Lessons from Reading Heidegger

One of the lessons learned from reading Heidegger is how exactly the historicity of language comes to shape philosophical discourse (and any discourse for that matter). The particular emphasis of how we write and the words we choose commit us implicitly to certain meta-perspectives. In fact, the goal of hermeneutic phenomenology is to make use aware of how efficacious language and history influence us. Philosophers as custodians of their own history are acutely aware of this fact, or I should say that we ought to be aware of this fact even if we feign differently.

Let us speak about one way in which language influences what we conceive of philosophy. I would assert that the many nouns of metaphysics or theology are regarded by philosophers as referring to some entity independently existing for all time. For example, if I stated that “God consists of a trinity” or “The normative-overriding force of morality consists of never treating someone as a mere means”, then you would immediately take these two propositions as suggesting the hypostatized concepts of God and normativity exist independently of me, and that these propositions are to be taken as either true or false about God and normativity. This hypstatized conception comes from the Latinate origin of our metaphysical history in which the presence of the term indicated its conceptual form as an enduring reality. Methodologically, this trend may be called a naive realism or implicit Platonism to which many analysts never acknowledge despite Wittgenstein or Austin’s close approximation to Heidegger’s insight that context, history and language determine the ways we can speak about experience and the world. The belief in enduring realities commits philosophers to thinking that philosophy can transcend the very historical determination of inquiry rather than working within the boundaries of history, language and context.

Leaving Heidegger aside, William James offers us a picture of philosophy a tad bit more honest, and likely his conception is a bit more realistic. For James, philosophy is always incomplete. No experience can be total. We experience the world not in its entirety, but in snippets of limited experience. With the world’s dynamism and the many purposes we assign experience to the world, James endorsed a form of pragmatic epistemic modesty about what we can claim to know about it. Yet, boldly, James linked the modesty of what we can claim to know about the world with the concomitant belief in experimenting with our beliefs. Given that beliefs are rules of action and not simply descriptions of an enduring reality, we can see where some concepts lead. The concepts we employ to understand the world are, therefore, not enduring realities we speculate about, but efficaciously alive in how we conceive of ourselves relating to the world.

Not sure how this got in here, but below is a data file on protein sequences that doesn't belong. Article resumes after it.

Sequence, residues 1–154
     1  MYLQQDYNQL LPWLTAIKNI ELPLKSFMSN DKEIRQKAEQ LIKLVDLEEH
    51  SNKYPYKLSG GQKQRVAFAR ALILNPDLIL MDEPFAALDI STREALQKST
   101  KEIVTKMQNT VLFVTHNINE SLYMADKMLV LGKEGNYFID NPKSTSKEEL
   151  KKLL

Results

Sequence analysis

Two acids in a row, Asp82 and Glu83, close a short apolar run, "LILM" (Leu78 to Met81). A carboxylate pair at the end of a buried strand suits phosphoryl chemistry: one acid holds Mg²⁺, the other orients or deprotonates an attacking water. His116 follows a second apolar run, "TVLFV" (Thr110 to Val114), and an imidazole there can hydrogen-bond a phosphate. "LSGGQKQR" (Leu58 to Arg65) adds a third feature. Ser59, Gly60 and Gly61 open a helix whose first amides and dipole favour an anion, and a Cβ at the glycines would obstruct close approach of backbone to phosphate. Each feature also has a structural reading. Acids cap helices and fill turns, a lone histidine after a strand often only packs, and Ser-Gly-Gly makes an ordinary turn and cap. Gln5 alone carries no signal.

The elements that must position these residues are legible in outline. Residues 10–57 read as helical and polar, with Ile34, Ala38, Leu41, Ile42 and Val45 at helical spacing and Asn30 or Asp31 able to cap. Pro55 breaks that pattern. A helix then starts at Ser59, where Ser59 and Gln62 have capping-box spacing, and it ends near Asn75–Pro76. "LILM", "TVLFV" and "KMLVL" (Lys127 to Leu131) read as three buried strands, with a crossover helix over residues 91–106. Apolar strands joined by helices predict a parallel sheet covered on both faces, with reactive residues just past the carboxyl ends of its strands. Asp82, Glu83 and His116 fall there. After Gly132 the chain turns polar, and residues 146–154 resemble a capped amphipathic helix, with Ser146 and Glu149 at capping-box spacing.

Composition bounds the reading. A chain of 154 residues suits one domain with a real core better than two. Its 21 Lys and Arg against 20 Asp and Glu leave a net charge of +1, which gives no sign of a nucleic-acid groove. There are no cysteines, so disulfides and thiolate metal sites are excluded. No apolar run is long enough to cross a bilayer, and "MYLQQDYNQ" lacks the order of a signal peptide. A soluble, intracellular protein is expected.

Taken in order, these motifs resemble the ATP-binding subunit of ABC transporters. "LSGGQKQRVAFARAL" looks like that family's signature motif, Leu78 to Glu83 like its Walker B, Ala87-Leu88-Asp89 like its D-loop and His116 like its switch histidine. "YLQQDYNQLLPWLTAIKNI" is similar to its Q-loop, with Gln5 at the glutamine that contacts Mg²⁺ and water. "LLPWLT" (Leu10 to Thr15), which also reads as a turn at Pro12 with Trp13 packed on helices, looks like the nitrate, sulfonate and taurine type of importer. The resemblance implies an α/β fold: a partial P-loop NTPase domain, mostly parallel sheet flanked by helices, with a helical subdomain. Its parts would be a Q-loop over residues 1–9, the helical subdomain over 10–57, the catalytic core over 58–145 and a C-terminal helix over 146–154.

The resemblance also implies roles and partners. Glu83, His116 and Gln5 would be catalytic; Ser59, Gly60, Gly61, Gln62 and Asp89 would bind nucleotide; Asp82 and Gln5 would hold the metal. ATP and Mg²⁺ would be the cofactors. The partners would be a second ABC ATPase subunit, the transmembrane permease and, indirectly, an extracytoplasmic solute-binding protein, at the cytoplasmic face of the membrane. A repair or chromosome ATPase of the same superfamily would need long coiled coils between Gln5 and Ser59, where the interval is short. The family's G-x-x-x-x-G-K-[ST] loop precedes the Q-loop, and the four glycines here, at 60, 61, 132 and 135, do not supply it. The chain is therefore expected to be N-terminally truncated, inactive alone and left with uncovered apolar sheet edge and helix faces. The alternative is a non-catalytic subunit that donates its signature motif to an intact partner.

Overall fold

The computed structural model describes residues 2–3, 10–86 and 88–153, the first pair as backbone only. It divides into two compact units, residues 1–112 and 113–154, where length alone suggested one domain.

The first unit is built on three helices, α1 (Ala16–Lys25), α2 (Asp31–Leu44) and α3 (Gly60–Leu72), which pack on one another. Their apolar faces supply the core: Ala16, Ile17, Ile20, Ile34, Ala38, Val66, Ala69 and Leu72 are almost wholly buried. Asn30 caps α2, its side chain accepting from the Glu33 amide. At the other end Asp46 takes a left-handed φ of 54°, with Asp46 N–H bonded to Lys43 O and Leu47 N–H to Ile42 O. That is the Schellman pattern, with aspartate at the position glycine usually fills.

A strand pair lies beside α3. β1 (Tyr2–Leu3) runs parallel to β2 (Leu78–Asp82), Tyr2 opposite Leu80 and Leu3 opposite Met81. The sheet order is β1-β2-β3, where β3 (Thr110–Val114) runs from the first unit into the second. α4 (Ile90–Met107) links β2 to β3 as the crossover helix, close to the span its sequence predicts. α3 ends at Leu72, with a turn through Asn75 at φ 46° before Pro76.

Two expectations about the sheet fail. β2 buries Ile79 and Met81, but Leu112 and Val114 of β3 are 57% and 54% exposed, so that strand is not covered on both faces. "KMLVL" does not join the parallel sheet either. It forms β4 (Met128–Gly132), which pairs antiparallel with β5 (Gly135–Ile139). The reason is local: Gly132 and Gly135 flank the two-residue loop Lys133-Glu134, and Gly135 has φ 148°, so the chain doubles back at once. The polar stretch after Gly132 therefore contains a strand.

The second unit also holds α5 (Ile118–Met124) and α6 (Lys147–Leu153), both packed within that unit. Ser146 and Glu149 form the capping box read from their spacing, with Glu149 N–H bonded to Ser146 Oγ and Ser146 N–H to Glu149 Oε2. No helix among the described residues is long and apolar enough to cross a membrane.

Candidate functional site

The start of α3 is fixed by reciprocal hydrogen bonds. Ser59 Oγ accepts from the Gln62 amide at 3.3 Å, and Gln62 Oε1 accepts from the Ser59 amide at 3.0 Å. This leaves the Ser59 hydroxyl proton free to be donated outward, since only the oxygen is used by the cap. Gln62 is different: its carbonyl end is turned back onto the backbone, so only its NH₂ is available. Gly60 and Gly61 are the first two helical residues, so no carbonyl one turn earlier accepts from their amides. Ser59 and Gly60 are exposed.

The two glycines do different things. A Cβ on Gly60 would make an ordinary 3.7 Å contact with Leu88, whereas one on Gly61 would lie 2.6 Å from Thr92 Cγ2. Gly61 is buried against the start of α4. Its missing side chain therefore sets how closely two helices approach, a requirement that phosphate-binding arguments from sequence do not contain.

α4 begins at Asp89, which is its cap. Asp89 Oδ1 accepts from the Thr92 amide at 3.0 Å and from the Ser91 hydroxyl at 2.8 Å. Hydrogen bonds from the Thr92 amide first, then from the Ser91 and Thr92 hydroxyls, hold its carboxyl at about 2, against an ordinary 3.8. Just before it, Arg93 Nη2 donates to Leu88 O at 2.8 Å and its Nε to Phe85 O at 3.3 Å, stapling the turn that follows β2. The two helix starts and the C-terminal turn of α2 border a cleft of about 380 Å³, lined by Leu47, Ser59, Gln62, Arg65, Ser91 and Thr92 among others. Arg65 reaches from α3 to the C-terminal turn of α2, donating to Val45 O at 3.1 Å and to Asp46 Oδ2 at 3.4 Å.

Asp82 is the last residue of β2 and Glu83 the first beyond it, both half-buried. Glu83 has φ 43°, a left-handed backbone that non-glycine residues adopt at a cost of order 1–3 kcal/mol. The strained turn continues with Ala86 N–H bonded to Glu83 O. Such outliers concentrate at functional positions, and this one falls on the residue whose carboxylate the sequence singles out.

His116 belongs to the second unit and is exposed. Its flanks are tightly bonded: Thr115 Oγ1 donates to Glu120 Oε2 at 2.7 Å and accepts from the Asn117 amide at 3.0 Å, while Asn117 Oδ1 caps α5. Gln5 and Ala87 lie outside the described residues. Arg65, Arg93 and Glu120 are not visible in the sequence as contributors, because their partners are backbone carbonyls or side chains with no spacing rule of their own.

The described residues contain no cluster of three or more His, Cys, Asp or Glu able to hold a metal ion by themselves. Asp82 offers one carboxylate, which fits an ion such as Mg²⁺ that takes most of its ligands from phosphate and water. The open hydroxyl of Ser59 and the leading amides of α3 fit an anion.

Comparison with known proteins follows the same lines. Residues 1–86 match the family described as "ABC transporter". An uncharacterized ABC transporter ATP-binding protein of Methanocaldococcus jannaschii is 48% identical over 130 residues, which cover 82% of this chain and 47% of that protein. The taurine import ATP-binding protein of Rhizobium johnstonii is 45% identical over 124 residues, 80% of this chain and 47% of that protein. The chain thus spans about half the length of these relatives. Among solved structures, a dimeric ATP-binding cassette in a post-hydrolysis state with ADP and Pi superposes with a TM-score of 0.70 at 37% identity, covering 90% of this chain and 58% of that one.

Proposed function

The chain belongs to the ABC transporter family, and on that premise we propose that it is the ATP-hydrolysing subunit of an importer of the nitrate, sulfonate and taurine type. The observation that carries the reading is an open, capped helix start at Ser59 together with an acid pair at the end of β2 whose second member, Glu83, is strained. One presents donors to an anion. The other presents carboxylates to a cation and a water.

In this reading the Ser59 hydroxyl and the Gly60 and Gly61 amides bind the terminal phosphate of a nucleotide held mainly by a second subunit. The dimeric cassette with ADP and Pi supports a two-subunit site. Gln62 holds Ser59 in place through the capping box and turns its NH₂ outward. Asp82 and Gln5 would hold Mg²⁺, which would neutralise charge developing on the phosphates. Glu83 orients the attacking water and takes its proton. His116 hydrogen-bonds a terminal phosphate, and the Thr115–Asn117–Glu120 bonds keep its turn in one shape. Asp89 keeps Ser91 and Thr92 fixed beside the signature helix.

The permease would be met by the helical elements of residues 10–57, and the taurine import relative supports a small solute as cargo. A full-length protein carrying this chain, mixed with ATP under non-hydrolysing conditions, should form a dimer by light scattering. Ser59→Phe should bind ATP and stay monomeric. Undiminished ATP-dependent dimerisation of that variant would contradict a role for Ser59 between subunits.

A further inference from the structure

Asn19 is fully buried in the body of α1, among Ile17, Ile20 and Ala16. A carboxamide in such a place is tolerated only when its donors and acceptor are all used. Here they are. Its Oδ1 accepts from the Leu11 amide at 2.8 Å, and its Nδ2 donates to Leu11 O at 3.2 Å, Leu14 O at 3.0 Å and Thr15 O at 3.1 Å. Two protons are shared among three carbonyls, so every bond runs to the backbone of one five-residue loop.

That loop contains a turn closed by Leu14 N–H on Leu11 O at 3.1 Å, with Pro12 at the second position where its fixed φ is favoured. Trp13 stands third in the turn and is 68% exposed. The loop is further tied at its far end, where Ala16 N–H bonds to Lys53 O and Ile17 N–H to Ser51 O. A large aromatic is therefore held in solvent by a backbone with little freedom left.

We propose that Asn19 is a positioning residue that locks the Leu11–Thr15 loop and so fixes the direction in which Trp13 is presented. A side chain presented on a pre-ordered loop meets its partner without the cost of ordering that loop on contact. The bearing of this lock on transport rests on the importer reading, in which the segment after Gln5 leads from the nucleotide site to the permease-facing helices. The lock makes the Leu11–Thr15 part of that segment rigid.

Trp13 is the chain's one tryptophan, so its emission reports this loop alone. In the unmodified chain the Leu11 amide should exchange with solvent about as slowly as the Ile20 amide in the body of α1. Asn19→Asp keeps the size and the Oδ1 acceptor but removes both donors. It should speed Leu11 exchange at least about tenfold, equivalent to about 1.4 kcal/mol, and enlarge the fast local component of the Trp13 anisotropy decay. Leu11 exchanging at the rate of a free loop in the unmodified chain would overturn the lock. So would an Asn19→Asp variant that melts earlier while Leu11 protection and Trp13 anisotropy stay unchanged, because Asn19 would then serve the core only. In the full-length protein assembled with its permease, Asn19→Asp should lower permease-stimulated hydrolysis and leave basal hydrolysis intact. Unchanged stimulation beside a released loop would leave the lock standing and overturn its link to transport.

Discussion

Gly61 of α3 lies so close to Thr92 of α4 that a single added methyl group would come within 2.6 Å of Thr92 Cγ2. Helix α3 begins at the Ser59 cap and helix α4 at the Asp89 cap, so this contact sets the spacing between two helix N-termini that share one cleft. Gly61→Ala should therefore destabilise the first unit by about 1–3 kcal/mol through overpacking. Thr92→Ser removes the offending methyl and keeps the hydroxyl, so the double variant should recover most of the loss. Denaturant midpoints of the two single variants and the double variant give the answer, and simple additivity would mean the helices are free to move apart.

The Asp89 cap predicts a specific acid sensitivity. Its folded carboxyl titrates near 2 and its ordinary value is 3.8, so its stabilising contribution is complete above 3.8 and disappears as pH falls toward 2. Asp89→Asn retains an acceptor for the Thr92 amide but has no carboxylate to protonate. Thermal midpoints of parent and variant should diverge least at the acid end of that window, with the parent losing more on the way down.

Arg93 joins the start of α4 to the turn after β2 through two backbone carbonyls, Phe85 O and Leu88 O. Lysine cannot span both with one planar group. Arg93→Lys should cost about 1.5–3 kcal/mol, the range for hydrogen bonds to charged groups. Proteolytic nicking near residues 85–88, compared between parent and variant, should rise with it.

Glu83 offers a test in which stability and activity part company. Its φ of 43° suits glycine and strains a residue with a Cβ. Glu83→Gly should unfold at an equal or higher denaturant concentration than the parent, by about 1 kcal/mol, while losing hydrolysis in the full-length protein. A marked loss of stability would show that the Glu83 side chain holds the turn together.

Much of what I claim of James can be gleaned in Heidegger, though I there is one aspect in Heidegger that should be abandoned. Heidegger’s hermeneutic phenomenology makes it seem that we are held captive by the forces of history and language in a way that seems impossible in Jamesian thought. The Jamesian always is aware of the importance of assigning purpose to experience and that opens up an constant awareness of how history and language may influence us. In such a way, the Jamesian is reminded of the importance (possibly) of the authentic resolve to take up responsibility of sustaining an awareness of how experience unfolds given that experience is something to be experimented with in a way that the Heideggerian cannot conceive. Authenticity is something wrenched from inauthenticity, but Heidegger has no clear path or method to offer us so that we may wrench ourselves into authenticity. Perhaps, Heidegger’s call to the historicity of Dasein’s self-understanding is the same as this Jamesian move to experiment with experience. In so far as we are aware of the historicity of self-understanding we can sustain a vision of experience to know exactly where history and language overtake us. Such a vision of experience still seems passive even if aware of those forces at work in self-understanding.

So what is the lesson? The lesson is more about the language we employ when talking about concepts. Our philosophical concepts are best understood as referring to things in process rather than as enduring realities. An enduring reality can deceive us that philosophy can transcend itself. It cannot. At best, philosophy should be modest about what it can claim. It can only claim things in a limited scope, in a particular context, and in a particular language such that part of philosophical wisdom consists of knowing when and how the limitations of experience are violated in the name of hubris.


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